Besides its general anesthetic effect, ketamine has local anesthetic-like actions. We studied the voltage- and use-dependent interaction of S(+)- and R(-)-ketamine with two different isoforms of voltage-operated sodium channels, with a special emphasis on the difference in affinity between resting and inactivated channel states. Rat brain IIa and human skeletal muscle sodium channels were heterologously expressed in human embryonic kidney 293 cells. S(+)- and R(-)-ketamine reversibly suppressed whole-cell sodium inward currents; the 50% inhibitory concentration values at -70 mV holding potential were 240 +/- 60 microM and 333 +/- 93 microM for the neuronal isoform and 59 +/- 10 microM and 181 +/- 49 microM for the skeletal muscle isoform. S(+)-ketamine was significantly more potent than R(-)-ketamine in the skeletal muscle isoform only. Ketamine had a higher affinity to inactivated than to resting channels. However, the estimated difference in affinity between inactivated and resting channels was only 8- to 10-fold, and the time course of drug equilibration between inactivated and resting channels was too fast to cause use-dependent block at 10 Hz up to a concentration of 300 microM. These results suggest that ketamine is less effective than lidocaine-like local anesthetics in stabilizing the inactivated channel state.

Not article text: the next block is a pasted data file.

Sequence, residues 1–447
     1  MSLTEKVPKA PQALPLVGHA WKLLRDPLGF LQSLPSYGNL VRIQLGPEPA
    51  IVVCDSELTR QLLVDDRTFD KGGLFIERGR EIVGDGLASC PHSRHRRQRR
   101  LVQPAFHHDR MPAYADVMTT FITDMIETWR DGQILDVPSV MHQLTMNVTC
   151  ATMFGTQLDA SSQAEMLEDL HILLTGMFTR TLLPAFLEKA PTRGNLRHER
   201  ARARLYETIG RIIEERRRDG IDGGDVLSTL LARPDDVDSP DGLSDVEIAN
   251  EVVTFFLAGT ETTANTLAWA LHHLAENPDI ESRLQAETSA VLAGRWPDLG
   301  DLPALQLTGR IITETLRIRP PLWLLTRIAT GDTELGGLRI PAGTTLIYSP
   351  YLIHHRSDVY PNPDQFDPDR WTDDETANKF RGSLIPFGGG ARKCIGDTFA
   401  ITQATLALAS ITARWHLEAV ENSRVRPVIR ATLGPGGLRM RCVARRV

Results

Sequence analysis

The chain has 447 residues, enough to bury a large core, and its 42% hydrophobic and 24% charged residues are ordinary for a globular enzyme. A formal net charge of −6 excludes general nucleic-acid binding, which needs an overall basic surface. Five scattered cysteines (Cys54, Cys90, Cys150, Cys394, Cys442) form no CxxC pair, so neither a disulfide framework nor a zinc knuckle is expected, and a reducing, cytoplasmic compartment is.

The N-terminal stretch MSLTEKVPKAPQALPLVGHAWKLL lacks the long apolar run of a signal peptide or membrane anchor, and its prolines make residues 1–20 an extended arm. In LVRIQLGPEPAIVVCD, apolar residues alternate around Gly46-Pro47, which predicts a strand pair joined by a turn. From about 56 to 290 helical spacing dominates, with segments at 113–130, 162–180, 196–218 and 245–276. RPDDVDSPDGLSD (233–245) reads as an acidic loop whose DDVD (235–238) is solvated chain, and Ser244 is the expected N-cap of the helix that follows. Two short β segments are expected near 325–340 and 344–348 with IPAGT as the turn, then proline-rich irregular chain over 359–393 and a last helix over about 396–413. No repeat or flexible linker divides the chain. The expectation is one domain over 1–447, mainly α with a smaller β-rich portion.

Implications: Blockade of sodium channels by ketamine shows voltage dependency, an important feature of local anesthetic action. However, ketamine is less effective than lidocaine-like local anesthetics in stabilizing the inactivated state. Because it does not elicit phasic blockade at small concentrations, its ability to reduce the firing frequency of action potentials may be small.